[FFmpeg-user] An object oriented video notation, 1 & 2 of 11

Mark Filipak (ffmpeg) markfilipak at bog.us
Mon Jan 31 21:39:55 EET 2022

On 2022-01-31 03:38, Michael Koch wrote:
> Am 31.01.2022 um 05:03 schrieb Mark Filipak (ffmpeg):
>> During the past year, I've developed a set of true stream primitives that are object oriented 
>> (frames, pictures, ...), plus a notation to describe encodings and "mechanical" manipulations that 
>> are useful and that are fairly easy to read and understand. Can the notation be used as a frontend 
>> to FFmpeg? I don't know ...maybe.
>> I have written 11 HTML documents to introduce the notation and to present some novel use-cases.
>>  1, Preface (8 KiB)
>>  2, Teasers (20 KiB)
>>  3, Enhanced Terminology (25 KiB)
>>  4, Reference (19 KiB)
>>  5, Encoding Of DVD & Bluray Content (18 KiB)
>>  6, About Audio (9 KiB)
>>  7, Recovering The Camera Shots (3 KiB)
>>  8, Basic Primitives (21 KiB)
>>  9, Pulldown Primitives (14 KiB)
>> 10, Advanced Interpolations (12 KiB)
>> 11, Seen In The Wild (11 KiB)
>> Writing the docs took a long time and lot of work. Is there any appetite here for them?
> I'd like to read it.
> Michael

Docs 1 & 2 of 11 are attached. Reading time: about 1/2 hour. "Teasers" (especially) is all you 
probably will need to read but I'll follow it with the rest in the next few minutes.

Motivation: I found that not even the pros on the doom9 forum could adequately describe video 
structures in discussions. They related what they did to videos in terms of the DaVinci and Final 
Cut controls they used -- unknown to me -- but they could not explain what the controls actually did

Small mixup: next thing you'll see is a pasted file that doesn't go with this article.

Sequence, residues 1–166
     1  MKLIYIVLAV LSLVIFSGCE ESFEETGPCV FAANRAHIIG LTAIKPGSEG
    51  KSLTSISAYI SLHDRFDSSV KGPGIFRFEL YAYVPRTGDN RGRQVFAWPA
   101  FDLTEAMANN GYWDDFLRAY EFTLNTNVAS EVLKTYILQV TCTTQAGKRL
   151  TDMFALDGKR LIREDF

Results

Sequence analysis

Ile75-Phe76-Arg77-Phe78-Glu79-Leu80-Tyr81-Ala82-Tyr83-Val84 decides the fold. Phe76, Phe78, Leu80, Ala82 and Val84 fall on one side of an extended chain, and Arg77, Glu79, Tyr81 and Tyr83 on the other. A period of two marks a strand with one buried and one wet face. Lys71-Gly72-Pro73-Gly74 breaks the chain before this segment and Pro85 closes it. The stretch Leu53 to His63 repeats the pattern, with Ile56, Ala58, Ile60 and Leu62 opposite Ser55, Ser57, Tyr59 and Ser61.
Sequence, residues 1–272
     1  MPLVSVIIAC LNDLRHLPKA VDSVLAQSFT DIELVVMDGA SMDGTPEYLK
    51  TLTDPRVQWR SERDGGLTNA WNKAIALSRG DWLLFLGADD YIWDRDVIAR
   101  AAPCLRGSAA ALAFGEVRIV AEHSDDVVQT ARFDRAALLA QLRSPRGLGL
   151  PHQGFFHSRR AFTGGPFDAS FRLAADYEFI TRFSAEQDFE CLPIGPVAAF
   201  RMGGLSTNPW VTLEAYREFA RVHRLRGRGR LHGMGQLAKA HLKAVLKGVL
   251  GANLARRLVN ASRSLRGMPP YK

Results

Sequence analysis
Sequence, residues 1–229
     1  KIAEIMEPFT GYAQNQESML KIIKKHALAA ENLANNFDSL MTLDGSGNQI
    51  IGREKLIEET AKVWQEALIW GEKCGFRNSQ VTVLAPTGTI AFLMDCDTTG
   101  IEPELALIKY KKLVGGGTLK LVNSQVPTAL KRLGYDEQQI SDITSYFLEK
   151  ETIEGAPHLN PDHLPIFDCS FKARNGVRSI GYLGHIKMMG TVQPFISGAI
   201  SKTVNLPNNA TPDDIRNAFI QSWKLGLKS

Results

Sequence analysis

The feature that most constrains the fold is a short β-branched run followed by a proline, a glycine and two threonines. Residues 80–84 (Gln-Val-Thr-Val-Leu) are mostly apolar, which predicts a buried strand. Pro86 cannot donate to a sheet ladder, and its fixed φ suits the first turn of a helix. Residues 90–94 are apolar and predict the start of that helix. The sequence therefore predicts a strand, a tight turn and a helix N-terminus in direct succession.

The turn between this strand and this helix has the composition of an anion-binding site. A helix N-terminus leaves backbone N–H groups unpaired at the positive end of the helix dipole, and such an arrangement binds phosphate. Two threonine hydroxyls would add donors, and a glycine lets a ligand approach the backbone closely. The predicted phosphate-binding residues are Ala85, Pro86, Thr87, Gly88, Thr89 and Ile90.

or how the video structures were actually manipulated.

I saw a need for a structure notation that is concise, unambiguous, and easy to read. That expanded 
from a notation of what a video's structure is to further notations -- notations as operators -- to 
turn "what is" into "what is desired". The emphasis is on in-stream (not splits), and the 
concatenation of primitive operations, and treating structures as objects. If there is to be some 
future tool that utilizes the notations as 'instructions' to interpret, well, that will have to be 
left to the future.

My Method: Start with a notation of what came out of the camera and is encoded on disc, "Encoding Of 
DVD & Bluray Content", and proceed from there to "Recovering The Camera Shots" and beyond.

Tip: Pay attention to "(look)(firstseen)(seen)(finalseen)(unseen)" notations and the factors x1.001, 
x/1.001, x0.96, and x/0.96.

Thanks for reading my stuff. I eagerly look forward to your thoughts.

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